Complaint, as opposed to the original Complaint that had been filed with the Clerk on June 22, 1993. Plaintiff submitted a copy of the new Complaint attached to his Affidavit of Service, which was filed with the Court on June 21, 1995. The Affidavit of Service reflects that Plaintiff effected service on Chemical on the deadline, June 16, 1995. The second Complaint reasserts the allegations in the original Complaint, and adds an allegation of ongoing discrimination.
Plaintiff was a pro se litigant at the time of service. While the right to proceed pro se does not exempt a party from compliance with relevant rules of procedural and substantive law, that right should not be impaired by harsh application of technical rules. Traguth v. Zuck, 710 F.2d 90 (2d Cir. 1983). A pro se plaintiff, particularly one bringing a civil rights action, should be afforded an opportunity "fairly freely" to amend his Complaint. Holmes v. Goldin, 615 F.2d 83, 84 (2d Cir. 1980). A plaintiff is free to amend the complaint once as a matter of course, any time before a responsive pleading is served. Fed. R. Civ. P. 15(a). The Court is satisfied that Plaintiff properly amended his original Complaint.
Chemical contends that the new Complaint was never filed with the Court and the original Complaint was never served, rendering service improper. In this case, it is unclear who stapled the second Complaint to the back of the proof of service, but if it had not been stapled, it would have been filed separately.
Furthermore, where an original Complaint is superseded by an amended Complaint, it is inappropriate to serve the original Complaint.
See, e.g., Nordic Bank PLC v. Trend Group, Ltd., 619 F. Supp. 542, 564 (S.D.N.Y. 1985). Although the Court is satisfied that Plaintiff properly served his second Complaint, Plaintiff shall file it with the Clerk of the Court, captioned as an "Amended Complaint," within ten days of the date of this Order.
C. Subject Matter Jurisdiction over Ongoing Discrimination Claims
Title VII has exhaustion and time requirements, discussed below, which divest a court of subject matter jurisdiction if not satisfied. 42 U.S.C. § 2000e-5(e); Butts v. City of N.Y. Dep't of Housing Preservation and Dev., 990 F.2d 1397, 1401 (2d Cir. 1993). Plaintiff's second Complaint includes two counts alleging ongoing discrimination from the time of his hiring in 1971, to the filing of the Complaint in 1995. Plaintiff, by asserting ongoing discrimination claims, has added claims for which the 300-day filing period expired prior to the filing of his EEOC charge as well as claims that have not been exhausted because the acts occurred only after the filing of his EEOC charge. The Court will analyze these two categories of claims below to determine whether any of them may be maintained.
1. Discriminatory Conduct Occurring Before February 13, 1990
A plaintiff in New York has 300 days in which to file a charge with the EEOC. 42 U.S.C. § 2000e-5(e); Butts, 990 F.2d at 1401. If a plaintiff fails to file a timely charge with the EEOC, then the claim is time-barred. 42 U.S.C. § 2000e-5(e); Butts, 990 F.2d at 1401. The 300-day EEOC filing limitations period can be tolled by evidence of a continuing violation, waiver, estoppel, or equitable tolling, thus allowing a district court to consider incidents occurring outside of the 300-day window. Zipes v. Trans World Airlines, Inc., 455 U.S. 385, 393, 71 L. Ed. 2d 234, 102 S. Ct. 1127 (1982); Carrasco v. New York City Off-Track Betting Corp., 858 F. Supp. 28, 31 (S.D.N.Y. 1994), aff'd, 50 F.3d 3 (2d Cir. 1995). "Under [the] continuing violation doctrine, where the defendant has 'engaged in a continuous policy of discrimination, acts in furtherance of that policy are not viewed in isolation. In such circumstances, if the charge has been filed no later than 300 days after the last act by the defendant pursuant to its policy, the plaintiff may recover for earlier acts of discrimination as well.'" Dukes v. Steinman, Boynton, Gronquist & Birdsall, 1994 U.S. Dist. LEXIS 10394, No. 93 Civ. 7044, 1994 WL 406090, at *2 (S.D.N.Y. July 29, 1994) (quoting Association Against Discrimination in Emp., Inc. v. City of Bridgeport, 647 F.2d 256, 274 (2d Cir. 1981), cert. denied, 455 U.S. 988, 71 L. Ed. 2d 847, 102 S. Ct. 1611 (1982)). In this case, Plaintiff's Amended Complaint alleges ongoing discrimination. (Compl. PP 5, 11.) If Plaintiff's claims fall into the continuing violation exception, this Court may hear claims about incidents occurring between 1971, when Plaintiff began his employment, and February 13, 1990 (300 days before the EEOC charge was filed).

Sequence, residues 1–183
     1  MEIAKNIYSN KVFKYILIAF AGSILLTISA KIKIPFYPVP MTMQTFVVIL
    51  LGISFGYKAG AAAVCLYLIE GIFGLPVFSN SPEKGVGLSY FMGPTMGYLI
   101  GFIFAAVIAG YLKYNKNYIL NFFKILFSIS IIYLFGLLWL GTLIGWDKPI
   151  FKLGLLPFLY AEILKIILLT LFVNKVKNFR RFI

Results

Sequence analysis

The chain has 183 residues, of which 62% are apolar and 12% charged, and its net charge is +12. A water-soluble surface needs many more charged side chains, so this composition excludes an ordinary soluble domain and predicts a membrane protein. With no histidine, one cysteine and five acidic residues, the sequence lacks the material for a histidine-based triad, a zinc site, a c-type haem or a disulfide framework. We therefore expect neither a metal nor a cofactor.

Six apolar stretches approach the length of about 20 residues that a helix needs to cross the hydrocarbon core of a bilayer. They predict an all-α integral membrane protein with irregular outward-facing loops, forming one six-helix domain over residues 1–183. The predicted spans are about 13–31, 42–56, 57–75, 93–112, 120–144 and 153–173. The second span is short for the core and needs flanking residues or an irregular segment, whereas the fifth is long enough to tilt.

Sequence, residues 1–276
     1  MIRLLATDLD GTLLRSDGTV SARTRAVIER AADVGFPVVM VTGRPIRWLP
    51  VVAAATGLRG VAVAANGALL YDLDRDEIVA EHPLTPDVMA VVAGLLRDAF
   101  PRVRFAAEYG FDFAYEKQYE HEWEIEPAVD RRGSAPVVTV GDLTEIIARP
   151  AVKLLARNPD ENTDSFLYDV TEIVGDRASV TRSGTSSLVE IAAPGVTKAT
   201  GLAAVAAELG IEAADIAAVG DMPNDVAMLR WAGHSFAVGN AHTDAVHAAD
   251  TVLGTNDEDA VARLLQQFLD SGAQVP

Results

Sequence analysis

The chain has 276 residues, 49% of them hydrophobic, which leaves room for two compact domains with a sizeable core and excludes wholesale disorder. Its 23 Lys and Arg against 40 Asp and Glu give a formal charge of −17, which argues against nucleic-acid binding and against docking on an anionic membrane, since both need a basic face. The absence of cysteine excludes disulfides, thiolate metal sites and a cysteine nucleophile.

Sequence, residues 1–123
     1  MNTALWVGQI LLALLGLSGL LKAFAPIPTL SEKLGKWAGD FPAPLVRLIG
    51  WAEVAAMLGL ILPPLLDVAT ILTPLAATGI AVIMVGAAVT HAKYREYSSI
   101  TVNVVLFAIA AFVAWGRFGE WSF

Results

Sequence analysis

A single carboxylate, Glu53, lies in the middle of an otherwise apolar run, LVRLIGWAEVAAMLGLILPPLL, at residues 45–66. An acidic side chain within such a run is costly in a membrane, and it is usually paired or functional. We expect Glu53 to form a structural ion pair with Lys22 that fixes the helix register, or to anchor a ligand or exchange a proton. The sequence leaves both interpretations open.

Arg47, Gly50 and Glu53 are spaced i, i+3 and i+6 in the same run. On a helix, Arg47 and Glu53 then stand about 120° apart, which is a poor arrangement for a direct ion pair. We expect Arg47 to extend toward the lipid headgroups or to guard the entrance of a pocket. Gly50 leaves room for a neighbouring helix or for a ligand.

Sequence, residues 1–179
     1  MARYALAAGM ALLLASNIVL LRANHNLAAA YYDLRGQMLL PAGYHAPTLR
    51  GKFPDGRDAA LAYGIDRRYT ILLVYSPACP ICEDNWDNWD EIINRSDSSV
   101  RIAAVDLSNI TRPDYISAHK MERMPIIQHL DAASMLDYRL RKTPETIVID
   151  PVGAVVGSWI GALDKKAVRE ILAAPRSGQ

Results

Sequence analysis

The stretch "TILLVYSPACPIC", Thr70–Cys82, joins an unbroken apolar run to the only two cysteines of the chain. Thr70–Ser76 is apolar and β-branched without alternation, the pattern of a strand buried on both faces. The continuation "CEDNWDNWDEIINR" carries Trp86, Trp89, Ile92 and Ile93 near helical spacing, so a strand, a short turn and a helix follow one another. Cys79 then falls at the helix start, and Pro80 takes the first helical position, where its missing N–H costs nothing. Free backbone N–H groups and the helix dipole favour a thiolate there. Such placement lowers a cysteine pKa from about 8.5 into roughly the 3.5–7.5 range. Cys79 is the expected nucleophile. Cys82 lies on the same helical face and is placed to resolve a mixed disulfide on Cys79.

Plaintiff's continuing violation claim, however, does not fall into this exception. "The continuing violation exception applies to cases involving specific discriminatory policies or mechanisms such as discriminatory lists, . . . or discriminatory employment tests." Carrasco, 858 F. Supp. at 31 (quoting Lambert v. Genesee Hosp., 10 F.3d 46, 53 (2d Cir. 1993), cert. denied, 128 L. Ed. 2d 339, 114 S. Ct. 1612 (1994)) (emphasis in Carrasco). When the EEOC charge alleges only discrete incidents of non-promotion, as does Plaintiff's here, the continuing violation exception does not apply. See Carrasco, 858 F. Supp. at 31-32; Dukes, 1994 U.S. Dist. LEXIS 10394, 1994 WL 406090, at *3; see also West v. Philadelphia Elec. Co., 45 F.3d 744, 755 (3d Cir. 1995) ("The relevant distinction is between the occurrence of isolated, intermittent acts of discrimination and a persistent, on-going pattern."). Accordingly, the continuing violation exception does not apply on these facts to toll the 300-day filing limitation.
Plaintiff has not argued that the 300-day limitations period should be tolled based on waiver, estoppel or equitable tolling, and the Court has seen no evidence to suggest that these doctrines could apply. Accordingly, all claims based on acts of discrimination, memorialized in P 5, occurring before February 13, 1990 are time-barred, and will be dismissed.
2. Discriminatory Conduct Subsequent to the EEOC Charge
Because "[a] district court only has jurisdiction to hear Title VII claims that either are included in an EEOC charge or are based on conduct subsequent to the EEOC charge which is 'reasonably related' to that alleged in the EEOC charge", Butts, 990 F.2d at 1401, to allow Plaintiff's claims based on conduct subsequent to the EEOC charge to proceed, the court must find those subsequently occurring claims reasonably related to the conduct alleged to the EEOC charge.